Daylight in child education
Since children spend a large part of their time in facilities such as daycare centres or schools, their architecture should not only be suitable for children, but also have educational value. Manuel Wohlrab, head of the LamiKita in Rehau, explains what is important when planning such a facility and how much daylight a child really needs.
Daylight means pure quality of life
Manuel Wohlrab is 40 years old, father of a patchwork family of six and lives on a renovated farm in the middle of nature. Not only with his children, but also in his job as head of a daycare centre, it is important to him that children can try out their skills in a protected environment. They should have the opportunity to discover and explore new things every day. In addition to a trusting cooperation between the educators, parents and children, architecture plays a major role for him to achieve this.
The head of the daycare centre explains: “The children should feel comfortable and safe in the rooms of the facility, but meanwhile the staff has to keep an eye on everything. Thanks to glass partition walls within the LamiKita, this is possible. That way the children can see what is going on in the surrounding rooms at all times and the teachers have a good overview of what is happening”. Manuel Wohlrab’s answer to anyone who now thinks that the children are distracted too quickly as a result is the following: “Due to the open design of our rooms the children have to learn to deal with distraction. This is also important for their later life. They can decide for themselves whether they allow the distraction. For tasks that require a high level of concentration, there are also corners where the children can fiddle and work on things without being disturbed”.
Impact of daylight on child development
The LamiKita does not follow a particular well-known pedagogical concept, but has selected the appropriate elements from various concepts and developed a very own concept from them. According to the Reggio pedagogy, for example, the LamiKita tries to encourage the strengths of the children and not work against the weaknesses of the children. The Reggio pedagogy goes even further and assigns the role of an educator to the architecture and interior design. In doing so, the design of a room has to be functional and self-explanatory for the children. “A room with large windows gives the child the opportunity to observe nature, follow the sun’s course or watch the clouds move,” explains Manuel Wohlrab. “Daylight is also incredibly important for the bodily functions of the little ones. Metabolism, hormone balance and brain function, all these are influenced and controlled by daylight.” An international study recently showed how important daylight is for children's vision. A lack of daylight leads to myopia eventually. When children spend 30 to 120 minutes a day outdoors, visual impairments are significantly reduced. Since the luminance from above is three times higher than from the side, skylights are particularly suitable for flooding a room with daylight. These are available in a wide variety of designs and sizes. Round glass skylights, such as the LAMILUX Glass Skylight F100, look particularly aesthetic.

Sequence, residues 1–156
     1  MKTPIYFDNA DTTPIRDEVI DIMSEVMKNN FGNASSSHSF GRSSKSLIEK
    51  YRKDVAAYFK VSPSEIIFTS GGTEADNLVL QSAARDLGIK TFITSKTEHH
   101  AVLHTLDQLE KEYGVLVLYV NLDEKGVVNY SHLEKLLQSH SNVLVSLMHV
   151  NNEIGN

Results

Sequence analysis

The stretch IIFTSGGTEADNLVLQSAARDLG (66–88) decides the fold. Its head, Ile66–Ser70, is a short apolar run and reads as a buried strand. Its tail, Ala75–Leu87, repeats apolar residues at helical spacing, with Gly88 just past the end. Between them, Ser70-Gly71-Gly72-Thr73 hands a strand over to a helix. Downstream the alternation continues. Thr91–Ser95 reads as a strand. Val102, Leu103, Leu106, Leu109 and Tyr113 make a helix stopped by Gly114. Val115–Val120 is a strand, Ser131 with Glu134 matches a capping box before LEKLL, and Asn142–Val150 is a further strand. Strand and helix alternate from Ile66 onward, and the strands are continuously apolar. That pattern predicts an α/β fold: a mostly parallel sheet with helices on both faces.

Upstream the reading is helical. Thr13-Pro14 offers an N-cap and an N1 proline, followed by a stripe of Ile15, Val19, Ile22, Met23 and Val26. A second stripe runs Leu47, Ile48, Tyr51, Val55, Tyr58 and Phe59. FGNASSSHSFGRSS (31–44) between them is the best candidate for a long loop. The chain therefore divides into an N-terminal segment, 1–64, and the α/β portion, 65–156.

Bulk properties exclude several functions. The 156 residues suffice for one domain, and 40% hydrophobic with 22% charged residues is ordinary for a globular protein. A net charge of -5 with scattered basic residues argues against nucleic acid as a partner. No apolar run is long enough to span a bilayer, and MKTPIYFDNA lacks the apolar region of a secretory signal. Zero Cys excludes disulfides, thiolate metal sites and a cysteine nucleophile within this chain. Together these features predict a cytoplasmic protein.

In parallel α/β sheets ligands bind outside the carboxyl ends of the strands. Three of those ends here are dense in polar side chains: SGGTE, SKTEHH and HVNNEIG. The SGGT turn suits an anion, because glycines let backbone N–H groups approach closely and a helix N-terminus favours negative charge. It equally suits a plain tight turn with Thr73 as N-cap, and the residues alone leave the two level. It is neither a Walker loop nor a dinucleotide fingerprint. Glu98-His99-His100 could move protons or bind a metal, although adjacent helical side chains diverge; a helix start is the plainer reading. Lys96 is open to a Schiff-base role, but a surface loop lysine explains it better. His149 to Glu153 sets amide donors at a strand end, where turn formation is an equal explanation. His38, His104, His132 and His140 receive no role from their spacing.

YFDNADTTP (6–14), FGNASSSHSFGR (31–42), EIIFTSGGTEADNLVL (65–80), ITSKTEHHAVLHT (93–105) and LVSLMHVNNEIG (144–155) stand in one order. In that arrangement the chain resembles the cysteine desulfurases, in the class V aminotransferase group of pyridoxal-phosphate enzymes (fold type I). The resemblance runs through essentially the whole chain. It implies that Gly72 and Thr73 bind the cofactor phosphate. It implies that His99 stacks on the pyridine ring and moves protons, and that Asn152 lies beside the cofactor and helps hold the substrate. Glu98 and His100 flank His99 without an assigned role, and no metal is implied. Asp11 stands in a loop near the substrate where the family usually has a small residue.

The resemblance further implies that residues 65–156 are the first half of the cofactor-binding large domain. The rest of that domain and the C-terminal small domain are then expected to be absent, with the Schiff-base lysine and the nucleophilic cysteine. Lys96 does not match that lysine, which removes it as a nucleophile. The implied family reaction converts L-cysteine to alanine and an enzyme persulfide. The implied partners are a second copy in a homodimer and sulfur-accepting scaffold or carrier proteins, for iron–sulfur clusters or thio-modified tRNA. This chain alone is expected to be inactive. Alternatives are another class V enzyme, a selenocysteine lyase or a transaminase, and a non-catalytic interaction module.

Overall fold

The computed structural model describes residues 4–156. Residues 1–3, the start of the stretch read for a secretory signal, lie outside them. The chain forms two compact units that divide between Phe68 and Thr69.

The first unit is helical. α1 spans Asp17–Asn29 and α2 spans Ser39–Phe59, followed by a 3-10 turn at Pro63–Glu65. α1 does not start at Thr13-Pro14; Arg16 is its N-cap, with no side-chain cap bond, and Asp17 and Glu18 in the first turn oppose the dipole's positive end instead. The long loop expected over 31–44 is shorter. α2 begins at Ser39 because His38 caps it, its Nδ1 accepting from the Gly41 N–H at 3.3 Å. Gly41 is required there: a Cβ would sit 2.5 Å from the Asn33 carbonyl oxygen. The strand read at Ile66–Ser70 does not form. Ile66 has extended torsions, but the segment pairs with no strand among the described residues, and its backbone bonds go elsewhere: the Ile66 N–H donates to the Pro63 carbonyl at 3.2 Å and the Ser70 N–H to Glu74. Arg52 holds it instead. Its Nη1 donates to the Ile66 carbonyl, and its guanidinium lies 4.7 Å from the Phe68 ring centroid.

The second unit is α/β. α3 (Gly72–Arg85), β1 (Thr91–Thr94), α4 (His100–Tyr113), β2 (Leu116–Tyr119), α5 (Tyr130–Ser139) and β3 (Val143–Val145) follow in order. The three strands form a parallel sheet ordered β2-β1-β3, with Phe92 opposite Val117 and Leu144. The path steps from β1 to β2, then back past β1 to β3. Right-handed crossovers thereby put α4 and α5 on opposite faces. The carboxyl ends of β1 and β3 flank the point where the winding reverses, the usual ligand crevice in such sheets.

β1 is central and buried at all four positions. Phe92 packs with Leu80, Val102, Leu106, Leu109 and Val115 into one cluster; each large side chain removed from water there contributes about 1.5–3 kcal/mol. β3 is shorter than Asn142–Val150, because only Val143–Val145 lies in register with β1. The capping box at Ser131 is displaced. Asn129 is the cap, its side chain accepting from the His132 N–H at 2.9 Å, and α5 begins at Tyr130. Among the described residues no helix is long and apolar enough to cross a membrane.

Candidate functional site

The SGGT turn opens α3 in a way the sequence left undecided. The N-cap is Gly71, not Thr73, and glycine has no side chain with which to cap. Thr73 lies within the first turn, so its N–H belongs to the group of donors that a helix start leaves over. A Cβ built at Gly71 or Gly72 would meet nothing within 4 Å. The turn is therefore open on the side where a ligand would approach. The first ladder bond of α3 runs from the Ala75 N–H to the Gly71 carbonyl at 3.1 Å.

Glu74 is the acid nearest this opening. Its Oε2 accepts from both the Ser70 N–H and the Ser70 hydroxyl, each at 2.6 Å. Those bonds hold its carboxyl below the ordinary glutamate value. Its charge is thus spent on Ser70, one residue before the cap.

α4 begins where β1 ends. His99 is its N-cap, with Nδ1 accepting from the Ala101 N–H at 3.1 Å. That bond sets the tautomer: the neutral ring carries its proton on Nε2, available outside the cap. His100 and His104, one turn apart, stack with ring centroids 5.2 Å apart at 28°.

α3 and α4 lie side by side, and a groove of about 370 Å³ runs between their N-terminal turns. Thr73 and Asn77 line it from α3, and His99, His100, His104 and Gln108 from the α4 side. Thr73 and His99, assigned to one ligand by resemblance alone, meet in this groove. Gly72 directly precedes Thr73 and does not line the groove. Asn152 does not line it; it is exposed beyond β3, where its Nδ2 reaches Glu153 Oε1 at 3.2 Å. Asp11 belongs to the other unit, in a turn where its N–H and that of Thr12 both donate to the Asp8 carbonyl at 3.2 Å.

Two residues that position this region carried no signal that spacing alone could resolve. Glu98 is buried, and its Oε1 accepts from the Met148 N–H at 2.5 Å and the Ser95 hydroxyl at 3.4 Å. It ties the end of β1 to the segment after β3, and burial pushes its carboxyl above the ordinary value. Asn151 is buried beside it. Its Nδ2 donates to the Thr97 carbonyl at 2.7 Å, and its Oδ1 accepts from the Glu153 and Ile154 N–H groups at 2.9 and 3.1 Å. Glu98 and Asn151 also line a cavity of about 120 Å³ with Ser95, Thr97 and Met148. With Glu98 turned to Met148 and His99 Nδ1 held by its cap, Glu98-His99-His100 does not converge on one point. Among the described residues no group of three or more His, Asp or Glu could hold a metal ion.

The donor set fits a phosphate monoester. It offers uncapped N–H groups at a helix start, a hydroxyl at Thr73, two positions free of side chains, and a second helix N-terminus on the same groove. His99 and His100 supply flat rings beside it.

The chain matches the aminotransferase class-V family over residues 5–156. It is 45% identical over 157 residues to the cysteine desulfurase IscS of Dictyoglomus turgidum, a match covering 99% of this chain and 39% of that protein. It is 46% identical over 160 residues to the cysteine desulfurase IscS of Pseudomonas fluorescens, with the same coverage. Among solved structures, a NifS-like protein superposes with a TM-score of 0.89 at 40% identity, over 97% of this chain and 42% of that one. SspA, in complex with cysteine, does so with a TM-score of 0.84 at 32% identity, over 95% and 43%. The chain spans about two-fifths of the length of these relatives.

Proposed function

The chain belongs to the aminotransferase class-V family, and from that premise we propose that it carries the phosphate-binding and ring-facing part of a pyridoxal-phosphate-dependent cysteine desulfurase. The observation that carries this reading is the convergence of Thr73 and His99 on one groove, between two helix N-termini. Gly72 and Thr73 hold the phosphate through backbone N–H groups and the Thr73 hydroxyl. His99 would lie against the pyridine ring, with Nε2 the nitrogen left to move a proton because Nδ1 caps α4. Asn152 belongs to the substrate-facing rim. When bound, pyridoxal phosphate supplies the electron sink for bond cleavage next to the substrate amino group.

Light and shadow as playmates
However, the importance of high-quality shading should also be considered when planning daycare facilities. Especially in the sleeping rooms or during meditation it is important that the children can relax in a darkened room. In summer, the rooms also have to be protected from heat and in case the sunlight dazzles the children too much, the teachers need the possibility of creating shade. “Shadow does not mean darkness. Light and shadow are also excellent playmates,” says Manuel Wohlrab. What does it look like when light meets wood? What changes when light hits glass? How do mirroring and reflections occur? When is my shadow small, when is it big? Why can I not touch light and shadow? These questions awaken the spirit of research in children and help them to better understand nature and its physical laws. Daylight therefore plays a major role in the education of children.
When Manuel Wohlrab is asked about the perfect daycare centre, he beams and answers: “Obviously: The LamiKita. This is where educators’ dreams come true. The light-flooded rooms and the large outdoor area are something special.” To realize all this though, reliable partners and craftsmen are needed. LAMILUX installed eight round Glass Skylights with a diameter of 150 cm and a round Glass Roof with a diameter of 270 cm in the LamiKita. Thanks to the elements used, the total glass area on the roof of the LamiKita is almost 17 square meters. Moreover, all elements offer triple glazing with sun protection and external shading — perfect for watching the clouds and the play of shadows in all weathers.
LAMILUX is a professional when it comes to daylight and offers many more ideas and inspirations about daylight in kindergartens, daycare centres and schools.